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Research & Insights / Evolution of a Partnership: Developing Culturally Responsive Curriculum

Evolution of a Partnership: Developing Culturally Responsive Curriculum

by Mara Sidmore

Actors’ Shakespeare Project (ASP) is an award-winning professional theater company that performs Shakespeare’s plays in neighborhoods around Boston and offers extensive education, youth, and community programs. 2016-2017 marks the 7th year that ASP has had the privilege of partnering with Boston Day and Evening Academy (BDEA), a student-centered, competency-based, alternative in-district charter high school located in Roxbury serving students who are overage for high school. Five of those years are thanks to being a BPS Arts Expansion grantee. This long-term relationship has allowed the partnership to deepen in unexpected ways. We’ve discovered “more things in heaven and earth than are dreamt of in our philosophy,” to quote our friend Hamlet.

In 2010, ASP began delivering short workshops to prepare BDEA students prior to attending a student matinee. Shortly thereafter we began partnering with BDEA teachers, working alongside them to bring Shakespeare to life in their ELA (English Language Arts) classrooms. We felt successful as students became closer to Shakespeare and more comfortable performing his texts. And yet, while students appreciated Shakespeare’s stories, they wanted to spend more time talking about how the characters in the plays were similar to people they knew or experiences they were having. They wanted to discuss how the themes were relevant to them in their families and neighborhoods. They wanted to move and speak in ways that expressed their true selves. We knew that we needed to listen and respond accordingly as teaching artists. As the partnership evolved, it became clear that for Shakespeare to be most meaningful, we needed to go even deeper, and embrace the idea of being a culturally responsive arts partner.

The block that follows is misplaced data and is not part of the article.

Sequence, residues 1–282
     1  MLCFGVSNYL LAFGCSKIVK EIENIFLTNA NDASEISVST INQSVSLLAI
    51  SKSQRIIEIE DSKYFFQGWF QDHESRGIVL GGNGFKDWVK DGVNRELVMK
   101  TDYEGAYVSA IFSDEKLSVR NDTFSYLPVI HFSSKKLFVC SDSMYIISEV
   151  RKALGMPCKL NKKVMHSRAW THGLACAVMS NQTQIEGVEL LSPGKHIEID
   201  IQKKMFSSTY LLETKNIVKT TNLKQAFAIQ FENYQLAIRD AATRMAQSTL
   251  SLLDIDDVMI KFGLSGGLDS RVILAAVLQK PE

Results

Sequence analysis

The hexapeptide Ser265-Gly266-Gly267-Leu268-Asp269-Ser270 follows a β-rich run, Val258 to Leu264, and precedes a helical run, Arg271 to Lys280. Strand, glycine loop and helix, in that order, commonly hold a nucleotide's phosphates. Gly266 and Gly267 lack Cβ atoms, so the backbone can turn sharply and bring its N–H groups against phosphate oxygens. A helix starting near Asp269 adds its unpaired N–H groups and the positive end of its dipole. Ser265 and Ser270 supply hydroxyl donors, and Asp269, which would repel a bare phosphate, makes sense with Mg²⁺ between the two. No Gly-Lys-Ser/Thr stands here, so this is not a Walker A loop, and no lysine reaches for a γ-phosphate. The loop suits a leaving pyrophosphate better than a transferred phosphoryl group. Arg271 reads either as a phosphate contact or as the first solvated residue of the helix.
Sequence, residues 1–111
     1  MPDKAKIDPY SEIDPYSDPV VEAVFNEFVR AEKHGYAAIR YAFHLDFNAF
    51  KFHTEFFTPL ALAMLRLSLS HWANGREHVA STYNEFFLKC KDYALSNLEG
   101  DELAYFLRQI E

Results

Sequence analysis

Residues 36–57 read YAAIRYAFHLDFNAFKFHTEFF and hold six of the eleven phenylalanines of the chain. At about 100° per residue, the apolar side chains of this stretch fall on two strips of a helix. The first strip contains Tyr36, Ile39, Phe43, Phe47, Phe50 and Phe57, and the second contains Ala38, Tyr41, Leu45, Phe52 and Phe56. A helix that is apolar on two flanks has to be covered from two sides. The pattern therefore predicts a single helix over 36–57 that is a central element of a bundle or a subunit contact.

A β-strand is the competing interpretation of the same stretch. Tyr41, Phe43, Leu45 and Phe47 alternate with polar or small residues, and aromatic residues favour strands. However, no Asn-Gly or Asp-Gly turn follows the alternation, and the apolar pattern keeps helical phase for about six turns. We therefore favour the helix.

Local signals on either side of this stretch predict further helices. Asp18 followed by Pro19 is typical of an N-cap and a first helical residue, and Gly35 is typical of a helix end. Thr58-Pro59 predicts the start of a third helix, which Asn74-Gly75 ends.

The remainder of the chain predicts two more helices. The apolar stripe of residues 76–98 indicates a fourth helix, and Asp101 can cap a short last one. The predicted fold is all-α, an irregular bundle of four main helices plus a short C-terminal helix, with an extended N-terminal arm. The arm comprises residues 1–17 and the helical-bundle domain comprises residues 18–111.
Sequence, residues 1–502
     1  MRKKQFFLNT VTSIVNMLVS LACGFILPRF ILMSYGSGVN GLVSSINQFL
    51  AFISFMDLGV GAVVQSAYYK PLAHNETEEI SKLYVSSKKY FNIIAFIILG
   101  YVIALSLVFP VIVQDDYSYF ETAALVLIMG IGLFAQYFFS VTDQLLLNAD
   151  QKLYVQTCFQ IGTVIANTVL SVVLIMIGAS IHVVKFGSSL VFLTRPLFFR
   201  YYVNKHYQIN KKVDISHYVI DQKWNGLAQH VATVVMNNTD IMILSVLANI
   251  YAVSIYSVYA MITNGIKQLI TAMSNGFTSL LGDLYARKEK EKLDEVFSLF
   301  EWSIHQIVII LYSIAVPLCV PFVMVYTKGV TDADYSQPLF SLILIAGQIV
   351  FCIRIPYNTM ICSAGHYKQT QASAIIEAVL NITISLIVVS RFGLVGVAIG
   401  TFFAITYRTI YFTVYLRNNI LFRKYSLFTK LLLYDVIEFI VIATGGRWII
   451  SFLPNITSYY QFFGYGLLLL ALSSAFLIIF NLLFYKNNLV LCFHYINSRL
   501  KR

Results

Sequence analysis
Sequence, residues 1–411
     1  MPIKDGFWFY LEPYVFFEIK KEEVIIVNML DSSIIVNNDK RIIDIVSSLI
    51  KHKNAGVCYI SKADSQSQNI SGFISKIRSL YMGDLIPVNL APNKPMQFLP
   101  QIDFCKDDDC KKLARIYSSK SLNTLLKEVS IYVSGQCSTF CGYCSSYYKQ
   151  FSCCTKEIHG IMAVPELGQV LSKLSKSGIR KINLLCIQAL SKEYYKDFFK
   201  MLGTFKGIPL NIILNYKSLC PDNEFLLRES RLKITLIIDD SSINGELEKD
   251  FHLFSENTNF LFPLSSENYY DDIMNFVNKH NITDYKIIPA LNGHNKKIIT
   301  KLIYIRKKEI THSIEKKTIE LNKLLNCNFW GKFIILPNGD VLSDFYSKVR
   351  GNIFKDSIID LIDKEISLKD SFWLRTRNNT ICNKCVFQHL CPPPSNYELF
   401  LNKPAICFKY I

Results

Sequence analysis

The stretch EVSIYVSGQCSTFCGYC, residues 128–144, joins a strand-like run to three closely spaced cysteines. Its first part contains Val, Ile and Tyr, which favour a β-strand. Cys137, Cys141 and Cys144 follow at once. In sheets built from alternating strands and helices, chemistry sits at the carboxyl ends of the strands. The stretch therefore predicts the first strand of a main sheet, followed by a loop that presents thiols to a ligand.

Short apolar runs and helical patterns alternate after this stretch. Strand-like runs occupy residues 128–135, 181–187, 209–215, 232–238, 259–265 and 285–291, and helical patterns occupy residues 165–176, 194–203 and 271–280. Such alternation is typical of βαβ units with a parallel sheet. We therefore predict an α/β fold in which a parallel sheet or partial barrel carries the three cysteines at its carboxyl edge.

We committed to shifting our model. We began to ask specifically what Shakespeare meant to and for each of the BDEA students we worked with, in their world, here and now today. We also let them tell us what they were good at and how they wanted to use those skills in our final piece. And there began our exploration of a “mash-up” performance model at the school. BDEA ELA teachers do an incredible job of making Shakespeare’s texts relevant to students’ lives through character and theme analysis, discussions and writing assignments. So how could we as theatre artists help the students take the next step?

We firmly believe that to fully understand Shakespeare one needs to perform Shakespeare. But what we discovered was that BDEA students needed to tell their stories, too, in connection with Shakespeare’s text. Given our history at BDEA, we were able to experiment in ways that only trust and understanding of a long-term relationship can allow, brainstorming best curriculum approaches with the ELA teachers. We threw out our regular monologue and scene study approach and began a thematic exploration through spoken word, writing, dance, and song that we staged either alongside or woven throughout Shakespeare’s actual text. Voila: a “mash-up”!

Here’s an example from our production of Macbeth during BDEA’s Symposium Project, also known as Project Month, where students select one class as a month-long intensive, and in which we are in residence every December. We began the play with a choral piece of lines from the text, and then launched into interpretive performances of student-written pieces. Excerpts below: